Downsizing, spin-offs, changes in management: many reasons can lead a company to decide to outsource the complete management of their pension plans. An increasing number of US companies are following this path, but it is difficult to assess the size of the “fiduciary outsourcing” business in the US, because the term may include different levels of buying third-party services.
According to some estimates, something around $30bn (E33bn) in American DB (defined benefit) pension funds’ assets are outsourced, up from $18bn five years ago. The practice is even more popular with defined contribution (DC) plans, where traditionally companies want to minimise their role in managing employees’ retirement savings.
In an outsourcing arrangement, a third party takes over all kind of operations related to a pension fund and becomes its “named fiduciary”. Independent consultants like Watson Wyatt are in this business, as well as consultants that offer multi-manager investment funds like Frank Russell Company and investment companies like State Street Global Advisors, Merrill Lynch, Fidelity and Vanguard.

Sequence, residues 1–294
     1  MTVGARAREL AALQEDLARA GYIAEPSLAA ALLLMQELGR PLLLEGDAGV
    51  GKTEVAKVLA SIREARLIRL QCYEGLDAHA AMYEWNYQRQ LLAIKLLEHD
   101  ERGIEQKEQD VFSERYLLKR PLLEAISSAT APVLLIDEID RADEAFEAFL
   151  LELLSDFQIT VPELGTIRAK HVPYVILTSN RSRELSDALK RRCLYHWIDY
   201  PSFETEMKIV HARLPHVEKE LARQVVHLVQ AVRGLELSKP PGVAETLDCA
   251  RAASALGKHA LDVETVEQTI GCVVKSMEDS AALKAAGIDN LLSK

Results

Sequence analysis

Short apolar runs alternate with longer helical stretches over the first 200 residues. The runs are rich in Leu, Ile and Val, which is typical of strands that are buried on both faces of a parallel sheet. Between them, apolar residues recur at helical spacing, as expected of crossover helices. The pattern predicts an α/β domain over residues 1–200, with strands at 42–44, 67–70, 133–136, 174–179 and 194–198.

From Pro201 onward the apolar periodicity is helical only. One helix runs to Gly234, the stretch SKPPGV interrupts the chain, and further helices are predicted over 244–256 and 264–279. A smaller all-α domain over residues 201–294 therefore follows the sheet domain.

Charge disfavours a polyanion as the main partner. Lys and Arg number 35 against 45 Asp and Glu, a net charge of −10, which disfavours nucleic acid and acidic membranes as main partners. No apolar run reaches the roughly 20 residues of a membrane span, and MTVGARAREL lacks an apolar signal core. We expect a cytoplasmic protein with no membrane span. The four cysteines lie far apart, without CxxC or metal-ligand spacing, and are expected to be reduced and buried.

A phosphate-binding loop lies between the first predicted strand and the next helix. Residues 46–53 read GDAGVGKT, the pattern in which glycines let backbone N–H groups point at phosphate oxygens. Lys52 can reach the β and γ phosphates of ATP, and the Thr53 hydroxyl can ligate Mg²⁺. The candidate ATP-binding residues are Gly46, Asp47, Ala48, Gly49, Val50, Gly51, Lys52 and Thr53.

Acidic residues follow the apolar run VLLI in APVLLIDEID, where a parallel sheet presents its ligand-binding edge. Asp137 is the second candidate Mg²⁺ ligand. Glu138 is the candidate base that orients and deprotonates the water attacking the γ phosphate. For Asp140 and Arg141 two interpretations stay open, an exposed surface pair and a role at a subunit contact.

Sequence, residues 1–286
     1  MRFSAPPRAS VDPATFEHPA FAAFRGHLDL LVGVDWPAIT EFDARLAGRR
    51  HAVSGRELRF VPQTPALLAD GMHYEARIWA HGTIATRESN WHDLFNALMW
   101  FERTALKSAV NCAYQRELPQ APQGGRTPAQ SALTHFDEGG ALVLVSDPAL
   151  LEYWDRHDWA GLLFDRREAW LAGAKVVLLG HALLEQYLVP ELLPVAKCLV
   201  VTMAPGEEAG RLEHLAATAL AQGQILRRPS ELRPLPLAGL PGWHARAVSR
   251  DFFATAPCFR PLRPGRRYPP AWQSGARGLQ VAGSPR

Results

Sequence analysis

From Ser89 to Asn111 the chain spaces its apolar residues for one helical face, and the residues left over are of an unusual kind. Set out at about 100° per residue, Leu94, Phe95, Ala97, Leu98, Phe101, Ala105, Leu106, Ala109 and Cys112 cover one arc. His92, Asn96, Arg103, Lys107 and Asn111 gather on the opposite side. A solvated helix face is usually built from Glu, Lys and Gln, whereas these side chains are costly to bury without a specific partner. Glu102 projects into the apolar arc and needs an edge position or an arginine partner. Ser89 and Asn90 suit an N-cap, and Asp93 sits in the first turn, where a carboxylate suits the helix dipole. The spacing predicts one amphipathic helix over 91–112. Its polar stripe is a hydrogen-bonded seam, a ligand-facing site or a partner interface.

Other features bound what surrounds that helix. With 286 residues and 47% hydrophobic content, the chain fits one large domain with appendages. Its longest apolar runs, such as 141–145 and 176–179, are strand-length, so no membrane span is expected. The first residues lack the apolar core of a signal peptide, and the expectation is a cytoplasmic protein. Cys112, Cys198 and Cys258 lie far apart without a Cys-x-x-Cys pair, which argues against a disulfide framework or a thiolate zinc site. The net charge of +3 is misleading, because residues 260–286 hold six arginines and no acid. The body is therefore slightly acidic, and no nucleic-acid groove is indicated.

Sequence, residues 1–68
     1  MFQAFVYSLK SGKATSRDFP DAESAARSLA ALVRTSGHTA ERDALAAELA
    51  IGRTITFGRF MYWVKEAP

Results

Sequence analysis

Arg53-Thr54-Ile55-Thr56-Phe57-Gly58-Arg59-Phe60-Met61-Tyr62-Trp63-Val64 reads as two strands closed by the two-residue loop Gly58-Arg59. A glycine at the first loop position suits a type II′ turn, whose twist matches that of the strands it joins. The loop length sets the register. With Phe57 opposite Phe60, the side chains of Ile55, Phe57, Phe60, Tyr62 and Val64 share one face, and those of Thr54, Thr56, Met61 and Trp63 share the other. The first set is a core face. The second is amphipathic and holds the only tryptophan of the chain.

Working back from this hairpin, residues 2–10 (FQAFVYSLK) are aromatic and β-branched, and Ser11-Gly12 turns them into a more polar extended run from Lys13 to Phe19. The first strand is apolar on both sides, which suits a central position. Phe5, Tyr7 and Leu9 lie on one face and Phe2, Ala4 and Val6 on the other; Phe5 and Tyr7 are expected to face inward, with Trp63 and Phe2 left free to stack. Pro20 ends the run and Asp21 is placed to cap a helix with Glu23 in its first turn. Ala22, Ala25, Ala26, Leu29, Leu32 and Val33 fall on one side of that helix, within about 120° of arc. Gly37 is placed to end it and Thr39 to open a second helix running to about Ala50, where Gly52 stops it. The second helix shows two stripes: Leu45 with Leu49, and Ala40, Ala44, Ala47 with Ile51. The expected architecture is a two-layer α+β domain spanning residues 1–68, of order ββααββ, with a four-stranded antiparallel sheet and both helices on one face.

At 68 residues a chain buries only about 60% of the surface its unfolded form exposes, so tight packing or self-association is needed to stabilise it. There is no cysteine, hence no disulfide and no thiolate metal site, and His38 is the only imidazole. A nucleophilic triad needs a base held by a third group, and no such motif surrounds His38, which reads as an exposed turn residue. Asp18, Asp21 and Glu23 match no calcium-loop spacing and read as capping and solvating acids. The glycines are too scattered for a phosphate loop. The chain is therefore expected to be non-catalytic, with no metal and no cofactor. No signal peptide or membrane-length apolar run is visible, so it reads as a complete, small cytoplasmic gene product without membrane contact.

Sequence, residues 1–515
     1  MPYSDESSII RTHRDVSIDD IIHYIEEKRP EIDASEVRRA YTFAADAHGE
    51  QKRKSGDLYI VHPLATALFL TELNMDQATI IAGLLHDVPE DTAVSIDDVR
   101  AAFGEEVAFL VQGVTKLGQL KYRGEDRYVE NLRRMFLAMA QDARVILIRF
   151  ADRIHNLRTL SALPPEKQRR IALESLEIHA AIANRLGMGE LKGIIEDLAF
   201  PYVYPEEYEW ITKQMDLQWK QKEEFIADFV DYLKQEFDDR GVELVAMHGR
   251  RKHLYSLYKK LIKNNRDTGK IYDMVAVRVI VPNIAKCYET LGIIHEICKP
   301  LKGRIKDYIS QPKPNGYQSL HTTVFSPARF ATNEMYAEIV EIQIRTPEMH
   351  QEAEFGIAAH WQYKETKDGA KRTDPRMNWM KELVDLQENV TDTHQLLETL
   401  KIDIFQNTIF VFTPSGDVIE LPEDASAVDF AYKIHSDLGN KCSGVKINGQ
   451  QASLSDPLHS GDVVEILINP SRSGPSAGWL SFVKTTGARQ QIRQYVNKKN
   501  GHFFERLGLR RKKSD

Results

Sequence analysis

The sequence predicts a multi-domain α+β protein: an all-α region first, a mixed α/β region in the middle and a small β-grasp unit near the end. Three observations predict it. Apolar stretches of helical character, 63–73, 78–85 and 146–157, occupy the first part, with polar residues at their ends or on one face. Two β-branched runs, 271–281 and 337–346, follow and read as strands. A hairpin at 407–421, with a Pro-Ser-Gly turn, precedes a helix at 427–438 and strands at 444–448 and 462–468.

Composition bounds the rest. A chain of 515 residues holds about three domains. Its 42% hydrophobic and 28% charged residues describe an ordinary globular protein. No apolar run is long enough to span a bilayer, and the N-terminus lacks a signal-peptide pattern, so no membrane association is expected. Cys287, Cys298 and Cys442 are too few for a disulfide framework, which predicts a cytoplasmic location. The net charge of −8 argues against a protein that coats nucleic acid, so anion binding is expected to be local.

“Cost cutting is not the only reason for outsourcing a pension plan – explains Howard Crane, head of Watson Wyatt Investment Consultants in the US and chairman of the Advanced Investment Solution Operating Committee (AISOC), that deals with outsourcing issues. “Sometimes a company is not satisfied with its plan and doesn’t want to worry about it any more. It realises it doesn’t have the internal resources to fix the problems and instead wants to focus on its core business operation. So it ends up hiring a third party to take on all the responsibilities”. But the trend is not so smooth and quick. “Typically companies tend to keep strategic functions inside, especially in DB plans and they use consultants to implement their own decisions”, points out Crane.